Gas grills heat quickly and are easy to use. They also make it easier to control the cooking temperature because gas grills have knobs that are more like an oven's. Many gas grills also have temperature gauges so you know when it's at the optimal temperature. Gas grills are versatile and can be used for both direct and indirect cooking, just like a charcoal grill -- except instead of fiddling with moving charcoal around, you just have to turn off the heat on one side for indirect. You can also buy smoker boxes that hold wood chips and can be set on the flames to impart a more traditional barbecue flavor to your food. Larger gas grills usually have two cooking surfaces -- primary and secondary. The primary cooking surface is directly over the flames, while the secondary rack is above the primary rack and is used to keep foods warm or to cook foods that you may traditionally cook in an oven, such as corn or bread wrapped in foil, while your meat cooks. You pay for all that convenience, though, because gas grills generally cost more. You can find models priced as low as about $150, but most gas grills start at a few hundred dollars and go up into the thousands.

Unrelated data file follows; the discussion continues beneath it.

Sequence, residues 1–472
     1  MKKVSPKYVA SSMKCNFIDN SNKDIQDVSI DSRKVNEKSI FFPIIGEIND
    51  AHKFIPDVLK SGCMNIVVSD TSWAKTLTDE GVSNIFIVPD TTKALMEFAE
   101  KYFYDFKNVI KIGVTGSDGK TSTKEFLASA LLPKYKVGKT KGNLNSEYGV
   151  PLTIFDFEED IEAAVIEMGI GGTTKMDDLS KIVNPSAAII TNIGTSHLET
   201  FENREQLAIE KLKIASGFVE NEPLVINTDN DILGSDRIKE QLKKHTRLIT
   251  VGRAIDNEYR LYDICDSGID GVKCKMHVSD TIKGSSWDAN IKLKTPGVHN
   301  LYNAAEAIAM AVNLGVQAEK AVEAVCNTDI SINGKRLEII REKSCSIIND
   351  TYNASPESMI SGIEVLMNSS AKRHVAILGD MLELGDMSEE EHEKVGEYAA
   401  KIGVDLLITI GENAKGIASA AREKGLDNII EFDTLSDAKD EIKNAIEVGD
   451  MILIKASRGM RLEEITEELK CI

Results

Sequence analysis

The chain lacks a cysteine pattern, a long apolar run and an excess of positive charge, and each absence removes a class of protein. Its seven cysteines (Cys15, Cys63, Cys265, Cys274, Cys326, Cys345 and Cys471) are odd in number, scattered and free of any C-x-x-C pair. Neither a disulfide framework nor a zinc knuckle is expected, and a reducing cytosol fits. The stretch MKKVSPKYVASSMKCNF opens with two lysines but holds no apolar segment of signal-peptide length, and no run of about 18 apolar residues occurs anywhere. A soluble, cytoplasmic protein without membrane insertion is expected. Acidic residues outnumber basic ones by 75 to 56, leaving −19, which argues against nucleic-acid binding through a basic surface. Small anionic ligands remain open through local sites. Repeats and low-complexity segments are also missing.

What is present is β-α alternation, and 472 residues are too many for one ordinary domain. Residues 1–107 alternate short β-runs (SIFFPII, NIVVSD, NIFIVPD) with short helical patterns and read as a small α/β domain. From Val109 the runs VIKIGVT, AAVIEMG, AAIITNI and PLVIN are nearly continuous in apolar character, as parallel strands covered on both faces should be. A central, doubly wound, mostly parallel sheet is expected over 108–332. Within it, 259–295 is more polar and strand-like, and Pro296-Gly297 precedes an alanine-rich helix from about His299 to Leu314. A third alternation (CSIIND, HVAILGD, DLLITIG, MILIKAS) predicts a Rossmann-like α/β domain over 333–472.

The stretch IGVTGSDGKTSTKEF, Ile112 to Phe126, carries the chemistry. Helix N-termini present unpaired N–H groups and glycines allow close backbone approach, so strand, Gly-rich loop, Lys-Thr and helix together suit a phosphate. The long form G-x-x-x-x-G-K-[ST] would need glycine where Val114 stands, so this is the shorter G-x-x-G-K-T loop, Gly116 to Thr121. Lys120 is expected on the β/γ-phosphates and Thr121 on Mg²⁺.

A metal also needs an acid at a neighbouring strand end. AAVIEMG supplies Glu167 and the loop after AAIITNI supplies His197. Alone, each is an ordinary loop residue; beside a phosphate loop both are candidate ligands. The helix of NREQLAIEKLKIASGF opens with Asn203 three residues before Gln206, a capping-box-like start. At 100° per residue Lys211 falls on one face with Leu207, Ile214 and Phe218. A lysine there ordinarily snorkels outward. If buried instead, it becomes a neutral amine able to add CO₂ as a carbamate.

Charcoal grills are the pick of many barbecue enthusiasts. Charcoal takes longer to light than a gas grill and controlling a charcoal grill's heat isn't as simple as turning a gas grill's temperature dial. But enthusiasts say the extra trouble is worth it for the flavor that cooking over charcoal imparts. Charcoal grills tend to be less expensive than gas grills, too, with basic models starting at less than $100 and most premium units topping out at $300 or $400. Many charcoal grills are built to last for years or even decades.